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Skidmore College


Seth McEachron3
Business in general is survival of the fittest. You have got to be creative to come up with different ways of doing something, or a new product, or try to figure out how to make your product differentiated.

Seth McEachron ’04

  • Current Job
    Owner, Battenkill Valley Creamery
  • At Skidmore
    Management and Business and Economics Major | Basketball
  • Awards
    Cum Laude | Omicron Delta Epsilon (economics honor society)

About Seth

Growing up on a dairy farm in Salem, New York, Seth McEachron ’04 could have felt a lot of pressure to take over the family business someday. His family had been dairy farmers in the area for nearly a century, after all. 

But he and his father made a plan for McEachron’s future: Go to college to study something other than agriculture, then take four years to try something different before deciding whether he was interested in the farm. 

McEachron chose Skidmore College because he could get a broad liberal arts education and study business. Also, his sister, Sarah McEachron ’01, was already an education student at Skidmore. The business and economics courses he took at the College inspired him. 

“My business classes led me to want to be an entrepreneur and got me excited about seeing what we could do to improve our farm, make it more sustainable and bring a great product to local people,” McEachron says. 

He was so eager to get started, he didn’t finish the four-years-off-the- farm plan post-college. After a stint working for agricultural financial services company Farm Credit East, he partnered with his father, Don, in 2006 to start planning and implementing some fresh ideas on the farm. 

First up: Bottling their own milk so they could offer a single-source, 100 percent traceable and local product. It’s an idea they had started discussing while McEachron was still at Skidmore, but the timing wasn’t right. By 2006, with the local food movement picking up, they were ready to take the leap and wanted to be the first dairy farmers in the area to do it. 

“We were lucky enough to be in the right place at the right time, when people wanted to support local farms and get a high-quality product they enjoyed,” McEachron says. 

In 2008, Battenkill Valley Creamery was up and running, with milk going from cow to bottle and on a truck for delivery within eight hours, resulting in a fresher product. Because the milk is separated cold rather than hot — and the whole milk is 4 percent instead of the standard 3.25 percent milk fat — it’s especially flavorful and creamy, too. Battenkill’s milk has twice been rated No. 1 Highest Quality Milk in the state by Cornell University’s Department of Food. And more than 1,000 high-end coffee shops and restaurants, such as Michelin-star restaurants like Per Se and Jean-Georges in New York City, use Battenkill’s milk, cream and half-and-half.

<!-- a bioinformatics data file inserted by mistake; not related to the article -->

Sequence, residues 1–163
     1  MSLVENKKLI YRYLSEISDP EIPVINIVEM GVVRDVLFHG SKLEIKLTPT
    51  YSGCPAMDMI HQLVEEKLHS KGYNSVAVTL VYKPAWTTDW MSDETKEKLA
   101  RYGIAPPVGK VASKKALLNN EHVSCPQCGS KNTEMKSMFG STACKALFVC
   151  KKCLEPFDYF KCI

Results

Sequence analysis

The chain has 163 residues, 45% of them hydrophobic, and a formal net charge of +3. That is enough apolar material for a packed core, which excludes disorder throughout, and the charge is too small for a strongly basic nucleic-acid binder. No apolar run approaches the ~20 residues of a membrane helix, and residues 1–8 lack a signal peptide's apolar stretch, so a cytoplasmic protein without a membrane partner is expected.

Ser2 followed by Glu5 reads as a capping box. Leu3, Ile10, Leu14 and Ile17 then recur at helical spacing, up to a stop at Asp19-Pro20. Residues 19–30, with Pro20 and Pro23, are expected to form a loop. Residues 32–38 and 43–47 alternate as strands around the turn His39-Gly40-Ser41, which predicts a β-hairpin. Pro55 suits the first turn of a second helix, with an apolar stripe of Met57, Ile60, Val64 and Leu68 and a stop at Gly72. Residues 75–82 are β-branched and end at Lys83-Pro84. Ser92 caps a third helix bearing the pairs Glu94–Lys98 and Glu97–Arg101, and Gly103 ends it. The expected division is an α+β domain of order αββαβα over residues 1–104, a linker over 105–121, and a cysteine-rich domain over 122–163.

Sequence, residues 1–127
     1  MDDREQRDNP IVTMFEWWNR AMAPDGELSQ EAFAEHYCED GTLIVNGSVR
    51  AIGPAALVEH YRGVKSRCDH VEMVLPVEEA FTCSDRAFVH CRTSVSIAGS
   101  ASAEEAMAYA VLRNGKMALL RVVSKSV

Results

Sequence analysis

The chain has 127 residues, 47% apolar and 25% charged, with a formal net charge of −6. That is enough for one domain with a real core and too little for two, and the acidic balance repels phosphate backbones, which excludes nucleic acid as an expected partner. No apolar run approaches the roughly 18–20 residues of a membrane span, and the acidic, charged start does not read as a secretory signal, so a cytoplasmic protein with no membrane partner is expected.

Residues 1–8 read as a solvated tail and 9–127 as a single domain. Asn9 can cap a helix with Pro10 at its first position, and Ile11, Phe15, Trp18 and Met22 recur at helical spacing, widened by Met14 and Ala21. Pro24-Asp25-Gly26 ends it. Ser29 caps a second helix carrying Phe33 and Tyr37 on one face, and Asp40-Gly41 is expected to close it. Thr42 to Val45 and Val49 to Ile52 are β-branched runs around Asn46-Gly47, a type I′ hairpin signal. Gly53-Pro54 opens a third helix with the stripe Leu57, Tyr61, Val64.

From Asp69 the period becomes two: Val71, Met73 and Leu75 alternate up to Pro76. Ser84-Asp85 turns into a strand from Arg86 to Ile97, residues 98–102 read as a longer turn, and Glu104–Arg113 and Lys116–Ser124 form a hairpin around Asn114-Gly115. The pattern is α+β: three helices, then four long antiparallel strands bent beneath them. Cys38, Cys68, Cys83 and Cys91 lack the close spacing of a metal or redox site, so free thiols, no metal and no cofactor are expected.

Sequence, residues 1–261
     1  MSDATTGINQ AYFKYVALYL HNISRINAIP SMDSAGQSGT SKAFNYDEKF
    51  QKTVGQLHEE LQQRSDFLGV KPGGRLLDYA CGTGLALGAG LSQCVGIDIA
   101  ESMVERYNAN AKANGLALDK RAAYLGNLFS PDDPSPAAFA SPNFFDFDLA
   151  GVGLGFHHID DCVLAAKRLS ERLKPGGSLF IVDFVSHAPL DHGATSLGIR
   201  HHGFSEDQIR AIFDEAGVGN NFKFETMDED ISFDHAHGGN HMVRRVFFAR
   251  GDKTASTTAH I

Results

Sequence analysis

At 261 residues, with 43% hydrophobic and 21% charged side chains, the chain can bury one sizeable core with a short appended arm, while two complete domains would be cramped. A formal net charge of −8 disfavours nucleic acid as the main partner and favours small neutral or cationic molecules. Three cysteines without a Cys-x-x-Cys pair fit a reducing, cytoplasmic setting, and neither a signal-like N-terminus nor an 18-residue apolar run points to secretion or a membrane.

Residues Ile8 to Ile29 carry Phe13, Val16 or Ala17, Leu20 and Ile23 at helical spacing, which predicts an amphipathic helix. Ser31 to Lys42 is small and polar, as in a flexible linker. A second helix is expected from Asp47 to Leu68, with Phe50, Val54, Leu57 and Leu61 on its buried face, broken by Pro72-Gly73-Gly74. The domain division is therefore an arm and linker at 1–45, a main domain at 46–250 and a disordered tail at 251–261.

Battenkill does its own distribution, too, keeping it mostly local. Other than business deliveries to New York City and some home deliveries in 

Peekskill, Poughkeepsie, New Jersey and Long Island, they don’t stray far from the Northway, mostly delivering to stores and restaurants from the Albany area to north of Lake George. They also offer home delivery in Saratoga Springs. 

In 2009, the company started producing ice cream and opened an ice cream parlor at their Creamery Store in Salem as a way to draw the public to the farm. And they’ve continued to innovate, collaborating recently with Kru Coffee on a popular cold brew latte. Battenkill provides the milk and bottles the drink. 

The Creamery has grown to meet demand — it produced 600 gallons of milk a week when it opened in 2008 and now produces 52,000 gallons a week — but hasn’t faced the same pressure most smaller dairy farms do. 

“We’re lucky because we bottle our own milk,” McEachron says. “We set our own milk prices and we’re cutting out the middle man.” While McEachron says he can’t predict the future of farming, he anticipates more consolidation. 

“Business in general is survival of the fittest,” he says.

And he continues to draw upon the lessons he learned at Skidmore. “You’ve got to be creative — come up with different ways of doing something, or a new product, or try to figure out how to make your product differentiated,” he says. “All of that is important with Creative Thought Matters.”